A lot of time and effort goes into formulating a strategy. This might involve partners’ conferences, staff consultations and animated debate – and ultimately, agreement upon strategic objectives, how they will be achieved, and perhaps a mission statement. The strategy is then published within and sometimes outside the firm, but what then? Too often the immediate demands of practice, the need to satisfy clients and achieve fee income targets, take over completely and it can be easy to slip into decision-making without regard to the agreed strategy. How can you maintain consistency with what you say and what you do? First, make sure that all partners publicly subscribe to the overall plan. All should sign the strategic document and publish the signed copy so that no one signs up lightly. I know of one firm that encourages anyone in the organisation to challenge any partner or anyone else for doing anything in conflict with published strategy. Second, keep reminding decision makers of the framework for their decisions. Head the agenda of each meeting of partners, departments or teams with key points from the strategy document, and require minutes of such meetings to say how decisions made reflect overall strategy. Ensure that accounting procedures are aligned to strategy, so that billable time is properly recorded and not written off unless in circumstances allowed by your strategy, and that no one fails to obtain payment on account of costs where strategic principles require it. Culture change can be hard enough to achieve with existing personnel, but there is no excuse for making it even more difficult by bringing in new people whose attributes are not aligned to that strategy. If, therefore, you require that everyone makes best use of IT, you look foolish if you hire someone who boasts that they don’t know how to switch on a PC, no matter how good a lawyer they are or what fees they earn. Make sure that your recruitment procedures lead to taking on people who fit in with what you are trying to do. Finally, remind everyone of the firm’s objectives. Put them on screensavers on their PCs, on performance review forms – why not even on the backs of payslips? Introduce these ideas and, who knows, you might look back at your next annual conference and congratulate yourselves on actually doing what you said.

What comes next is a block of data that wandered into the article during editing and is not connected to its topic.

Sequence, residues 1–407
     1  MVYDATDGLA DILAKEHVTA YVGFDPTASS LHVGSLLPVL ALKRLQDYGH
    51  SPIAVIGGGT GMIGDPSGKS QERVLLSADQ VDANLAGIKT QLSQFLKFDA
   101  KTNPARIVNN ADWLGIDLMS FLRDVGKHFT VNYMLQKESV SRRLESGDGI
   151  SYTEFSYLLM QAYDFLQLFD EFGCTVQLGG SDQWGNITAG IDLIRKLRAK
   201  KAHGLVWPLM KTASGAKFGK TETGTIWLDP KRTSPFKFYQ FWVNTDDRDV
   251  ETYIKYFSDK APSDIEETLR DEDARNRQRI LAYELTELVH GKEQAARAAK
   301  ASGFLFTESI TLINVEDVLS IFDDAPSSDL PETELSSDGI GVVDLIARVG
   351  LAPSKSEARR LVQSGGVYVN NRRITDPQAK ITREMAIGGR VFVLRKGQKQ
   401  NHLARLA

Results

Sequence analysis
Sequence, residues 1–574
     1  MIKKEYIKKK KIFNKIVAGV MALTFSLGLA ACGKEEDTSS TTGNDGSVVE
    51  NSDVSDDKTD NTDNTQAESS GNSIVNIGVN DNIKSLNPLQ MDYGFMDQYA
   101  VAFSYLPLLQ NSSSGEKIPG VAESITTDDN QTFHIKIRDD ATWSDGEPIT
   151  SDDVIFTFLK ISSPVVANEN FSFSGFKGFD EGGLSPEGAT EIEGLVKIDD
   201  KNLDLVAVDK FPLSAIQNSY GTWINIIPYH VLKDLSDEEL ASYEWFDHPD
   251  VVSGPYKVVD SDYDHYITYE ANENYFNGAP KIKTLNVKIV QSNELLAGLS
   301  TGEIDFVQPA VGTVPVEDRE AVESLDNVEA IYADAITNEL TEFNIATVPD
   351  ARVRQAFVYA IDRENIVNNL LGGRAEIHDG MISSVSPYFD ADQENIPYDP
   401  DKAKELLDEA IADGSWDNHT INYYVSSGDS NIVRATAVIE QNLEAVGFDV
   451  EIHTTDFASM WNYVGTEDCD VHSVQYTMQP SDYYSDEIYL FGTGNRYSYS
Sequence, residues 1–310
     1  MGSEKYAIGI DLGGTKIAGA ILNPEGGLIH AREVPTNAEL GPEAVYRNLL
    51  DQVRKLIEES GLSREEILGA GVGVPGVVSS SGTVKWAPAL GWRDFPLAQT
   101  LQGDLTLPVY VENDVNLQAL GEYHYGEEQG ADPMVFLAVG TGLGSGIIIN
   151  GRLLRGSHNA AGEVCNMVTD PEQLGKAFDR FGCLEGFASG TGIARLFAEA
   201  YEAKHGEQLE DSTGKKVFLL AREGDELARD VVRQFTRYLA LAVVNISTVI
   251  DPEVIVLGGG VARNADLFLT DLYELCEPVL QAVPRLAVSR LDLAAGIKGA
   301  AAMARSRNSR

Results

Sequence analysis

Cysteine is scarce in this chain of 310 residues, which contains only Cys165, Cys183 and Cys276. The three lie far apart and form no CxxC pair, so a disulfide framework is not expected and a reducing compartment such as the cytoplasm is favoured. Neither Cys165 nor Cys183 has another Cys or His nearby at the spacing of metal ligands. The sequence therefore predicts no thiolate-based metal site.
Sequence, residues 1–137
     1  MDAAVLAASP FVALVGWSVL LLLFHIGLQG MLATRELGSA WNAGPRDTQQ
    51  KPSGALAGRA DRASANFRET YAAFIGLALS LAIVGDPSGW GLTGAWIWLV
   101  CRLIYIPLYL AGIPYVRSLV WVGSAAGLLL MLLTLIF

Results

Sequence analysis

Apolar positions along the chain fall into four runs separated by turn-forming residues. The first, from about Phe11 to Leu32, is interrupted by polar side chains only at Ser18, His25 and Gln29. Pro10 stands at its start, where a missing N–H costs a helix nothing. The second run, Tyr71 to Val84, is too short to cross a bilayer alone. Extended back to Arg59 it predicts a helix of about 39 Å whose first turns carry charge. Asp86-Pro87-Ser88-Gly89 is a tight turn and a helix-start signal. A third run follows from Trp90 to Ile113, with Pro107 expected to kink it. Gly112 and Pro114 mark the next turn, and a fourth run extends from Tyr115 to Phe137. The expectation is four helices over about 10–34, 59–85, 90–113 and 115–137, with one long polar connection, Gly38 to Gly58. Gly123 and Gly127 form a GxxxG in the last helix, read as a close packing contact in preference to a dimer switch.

Share Share Related Articles Martin Lycka: Gamblng advertising – Here be monsters! January 7, 2020 Submit Spelinspektionen clears four of underage betting allegations October 18, 2019 AGA presents a US Betting Overview: Plans, Progress & Partnerships webinar September 27, 2019 Is it time for sports tipsters to be regulated in order to weed out bad and fradulent practices? Darren Moore of tipster website BettingGods.com asks the question. We hear it again, that dire word regulation. Aren’t we trying to renegotiate the terms of our EU membership to reduce it? Is it not just more paperwork and bureaucracy slowing down economic growth; wasting resources, and stifling entrepreneurship?On the other hand, do you want a dentist with dirty drills? Do you want food-poisoning when you visit your local restaurant? And what about the economy? If financial services in the economy were not regulated then it would collapse. Bookmakers are regulated. Share tipsters are regulated. Sports Tipsters are not regulated (The Gambling Commission’s position is that if a business is not handling bets then no licence is required.)Sports Tipsters sell advice that enables punters to make better-informed gambling decisions. The punter who subscribes to such a service is buying inside information which he would not otherwise have, or is paying someone else to do the research for him that he does not have the time to do himself.If the researched information or detailed analyses do not exist then this is theft. Not only is the tipping fee being stolen from him, but his stake is as well if it ends up just being placed on a random horse (one assumes that if a sports punter is paying for a tip then he is likely to have a wager on the recommendation.)Share tipsters (even those operating on the internet) are required to register as financial advisors on the basis of ‘consumer protection’. Financial regulators have imposed fines of up to £50k on registered share tipsters who advertise misleading information on their historical tipping performance. There is no reason sporting backers should not be similarly protected on the same basis.An estimated £1m-£4m is lost to sporting tipster fraud in the UK every year. The purchasers could have bought them by persuasion from false advertising (exaggerated past results;) from pressure selling on the telephone; through junk mail, or more likely from redirected advertising from search engines bots if they had done sports betting related searches.They could have even fallen to the classic scam whereby the tipster offers a free trial service, gives 64 different people a win double tip on two 8 horse races, and ends up with one person ready to pay handsomely for the next tip because he has already had a nice payback.Sports tipping scams are used as an introduction to other fraud. In Australia, it led on to sales of phony analysis software and invitations to join ‘betting syndicates’. Losses were Au$4m and many people lost their life savings.The advantages of regulating sports tipsters would be:The general betting public and potentially vulnerable members of society would be protected from tipping ‘scams’Tip purchasers could have confidence in ‘past results’ reportedPurchasers would be offered better cybernet protection of their personal and bank detailsThe UK sports tipping industry would have an enhanced reputation, and could grow in line with the explosion in on-line betting worldwide. This would create jobs, and increase tax receipts and exportsSome of the extra revenues generated would flow back into the sport through sponsorship and advertisingThe scheme would be self-financing through a registration levy and annual fee, so the only people to lose out would be:Bookmakers (more winning bets)Scammers and fraudstersReputable existing operators in the market place, such as Betting Gods Ltd, support and encourage the adoption of such regulation. Nobody wants more regulations, but there are areas where regulation is necessary for the protection of society. One such area is in the sporting tipping industry, and the need for regulation is greater now than it ever was before with the growth of the internet. Websites come and go overnight; there are a myriad of on-line payment options, and likely targets are easily identified through adbots (“interested in gambling” or “seeking a second income.”) The situation is so bad on twitter that there are special feeds on ‘tipster blacklists’.Registration under a regulatory scheme needs to involve looking behind the tipping organisations at the reputation of the people who set them up. It needs checking that they have a proper corporate identity and are registered for relevant taxes. An on-line register needs to be kept and easily accessed by the public.Action needs to be taken against unlicensed operators, and spot checks undertaken on the reported ‘past performances’ of registered firms. Transgressors must face financial penalties and potential exclusion. Finally like the share tipping regulations, newspapers should be exempted from the scheme.In the meantime, punters should do their research before buying sporting tips. Shamsters shy away from publicity whereas genuine information providers such as Betting Gods actively seek it by advertising at and sponsoring sporting events, being featured in the industry and national press, plus seeking out opportunities for review and now even appearing on TrustPilot. StumbleUpon